Learning to Build a Better Team

team building with adhesive notes

What do you get when you gather 150 digital project managers together for two days? A well-organized conference that runs on time.

I spent two days in Philadelphia at the inaugural Digital PM Conference produced by the Bureau of Digital Affairs in association with Happy Cog™. This event is being touted as the first of its kind. There are plenty of conferences that include topics relevant to project managers as a side discussion. But to have a conference dedicated to the trials and tribulations of the digital project manager was definitely unique.

The topics covered how to manage projects from a variety of perspectives. The sessions shared ways to keep projects moving, clients happy and teams engaged. I have to say I picked up some really great tips and met a lot of “my people.”

Rachel Gertz presented “Clients Matter; So Put Your Team First.” This topic fits well into the agile culture we work in daily at Geonetric. Clients continue to make requests and our primary goal as project managers is to keep them happy, but sometimes we do this at our internal team’s expense. We are so buried in the weeds that we forget the needs of our team. If we lose our team’s confidences, we’re sunk.

When we put our team first, our clients can let go and trust the process. This is an important step in a successful project. So, how do we get there? Remember a few simple tips:

  • Get Team Feedback: Get the team involved early in the process, maybe as early as the sales process. When a client makes a request, let the team help critique it. When the team is involved, they get to decide together if this request is the right option for the project. When the team gets to have input on the direction, they are more vested in the outcome. Who knows, you might even find a better way to get to the end result.
  • Let Teams Scope: You have to have a valid scope. Let experience be the driver here. Look at past projects – what worked, what didn’t? Where do we need to make adjustments? This is a hard process because no two projects are exactly the same. One of the biggest flaws in scoping the project is getting an estimate from someone other than who will be doing the work. The estimator needs to be the producer, if not, you could start the project in jeopardy.
  • Set Expectations: Let’s face it, nobody takes a class on how to be a client. Until you sit on the other side of that table, you probably have no idea what it’s like. You have to define, from the beginning, the roles and expectations for your team and for the client. We have worked our process hundreds of times and we are refining it every day. Client’s don’t know our process, let’s be honest, they might not even know the questions they need to ask. Set those expectations early, live by them and clients will begin to trust you and the process.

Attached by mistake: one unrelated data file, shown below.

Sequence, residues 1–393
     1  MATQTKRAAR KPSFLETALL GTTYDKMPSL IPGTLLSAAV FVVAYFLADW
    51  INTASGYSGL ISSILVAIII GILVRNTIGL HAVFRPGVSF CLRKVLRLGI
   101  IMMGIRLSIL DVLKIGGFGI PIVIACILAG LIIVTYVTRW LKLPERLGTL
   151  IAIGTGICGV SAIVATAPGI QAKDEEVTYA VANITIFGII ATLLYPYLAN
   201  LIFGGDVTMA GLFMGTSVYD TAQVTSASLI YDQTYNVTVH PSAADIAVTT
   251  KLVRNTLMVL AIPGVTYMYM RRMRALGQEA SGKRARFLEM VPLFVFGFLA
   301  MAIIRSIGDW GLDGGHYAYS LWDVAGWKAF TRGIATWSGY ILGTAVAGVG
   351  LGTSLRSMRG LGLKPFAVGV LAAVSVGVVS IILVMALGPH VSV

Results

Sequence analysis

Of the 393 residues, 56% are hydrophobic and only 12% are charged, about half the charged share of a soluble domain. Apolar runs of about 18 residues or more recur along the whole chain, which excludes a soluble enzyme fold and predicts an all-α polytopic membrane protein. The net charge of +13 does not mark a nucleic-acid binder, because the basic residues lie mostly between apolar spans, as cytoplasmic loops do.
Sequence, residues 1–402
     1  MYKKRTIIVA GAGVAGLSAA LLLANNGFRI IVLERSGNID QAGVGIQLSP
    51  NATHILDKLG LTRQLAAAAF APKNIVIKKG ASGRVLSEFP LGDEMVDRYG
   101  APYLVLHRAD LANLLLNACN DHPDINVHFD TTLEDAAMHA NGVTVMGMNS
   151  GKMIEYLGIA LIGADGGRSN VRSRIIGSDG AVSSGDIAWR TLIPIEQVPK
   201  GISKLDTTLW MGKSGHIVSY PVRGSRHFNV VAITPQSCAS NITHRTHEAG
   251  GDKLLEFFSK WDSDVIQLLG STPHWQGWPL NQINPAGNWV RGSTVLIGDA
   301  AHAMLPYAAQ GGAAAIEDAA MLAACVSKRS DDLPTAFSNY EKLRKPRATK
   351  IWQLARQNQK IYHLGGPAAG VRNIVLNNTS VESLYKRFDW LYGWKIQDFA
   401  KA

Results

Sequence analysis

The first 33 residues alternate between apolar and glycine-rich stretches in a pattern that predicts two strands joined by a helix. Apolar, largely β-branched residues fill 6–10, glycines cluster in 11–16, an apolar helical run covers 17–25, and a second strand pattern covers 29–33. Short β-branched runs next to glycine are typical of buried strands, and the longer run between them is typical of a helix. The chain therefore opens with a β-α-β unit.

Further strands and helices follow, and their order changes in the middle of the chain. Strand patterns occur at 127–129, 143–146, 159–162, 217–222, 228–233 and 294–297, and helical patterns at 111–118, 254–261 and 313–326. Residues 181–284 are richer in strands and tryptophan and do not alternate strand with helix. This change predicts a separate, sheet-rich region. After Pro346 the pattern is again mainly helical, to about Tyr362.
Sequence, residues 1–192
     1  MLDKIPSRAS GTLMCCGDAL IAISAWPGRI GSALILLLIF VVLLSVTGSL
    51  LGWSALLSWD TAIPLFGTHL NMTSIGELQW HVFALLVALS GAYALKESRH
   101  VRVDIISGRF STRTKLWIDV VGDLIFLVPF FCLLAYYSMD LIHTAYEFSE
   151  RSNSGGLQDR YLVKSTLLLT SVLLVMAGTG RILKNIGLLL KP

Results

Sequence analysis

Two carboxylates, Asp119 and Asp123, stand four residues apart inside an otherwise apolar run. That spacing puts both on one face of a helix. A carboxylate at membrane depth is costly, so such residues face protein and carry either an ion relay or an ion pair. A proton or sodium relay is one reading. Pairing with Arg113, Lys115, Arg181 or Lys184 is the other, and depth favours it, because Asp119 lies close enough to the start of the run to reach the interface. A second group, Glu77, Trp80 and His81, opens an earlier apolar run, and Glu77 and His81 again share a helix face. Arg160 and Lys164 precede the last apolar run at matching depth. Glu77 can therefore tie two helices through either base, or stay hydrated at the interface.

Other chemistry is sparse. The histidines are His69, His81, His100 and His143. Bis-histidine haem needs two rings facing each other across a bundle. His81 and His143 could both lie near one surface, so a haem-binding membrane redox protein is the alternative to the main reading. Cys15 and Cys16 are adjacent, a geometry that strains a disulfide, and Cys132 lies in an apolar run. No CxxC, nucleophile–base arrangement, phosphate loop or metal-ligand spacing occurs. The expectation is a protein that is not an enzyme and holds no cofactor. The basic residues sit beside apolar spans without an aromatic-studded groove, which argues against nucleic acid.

• Do Retrospectives: This is an important part of our agile process. Talk about the successes and failures. It is okay to make a mistake, but you need to learn from those mistakes for future projects. If the process is flawed, why not change it, fine-tune it, and if needed, re-scope the project for the future? Retrospectives do not have to be just an internal process. Try getting the client involved. Learn how the process worked from their perspective. You can learn a lot from the client’s input. This is your opportunity to be candid with the team.

So when the next opportunity comes knocking on your door, try implementing these steps to build a better team.

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This entry was posted in Agile, Leadership, Marketing, Tradeshow/Conference, Transparency, Value by Penny Coppess. Bookmark the permalink.
Penny Coppess

About Penny Coppess

Creative. Resourceful. Collaborative. Yep, Penny has mastered the traits of an experienced project manager. With a strong background in customer service, marketing and software consulting, she’s a go-to person with the skills needed to help her clients succeed. She received a bachelor of business administration with an emphasis in marketing from the University of Iowa. But just to keep us guessing, Penny is a die-hard fan of the cross-state rival Iowa State Cyclones. She is also addicted to fitness training and is currently becoming an instructor at a local body shaping club.

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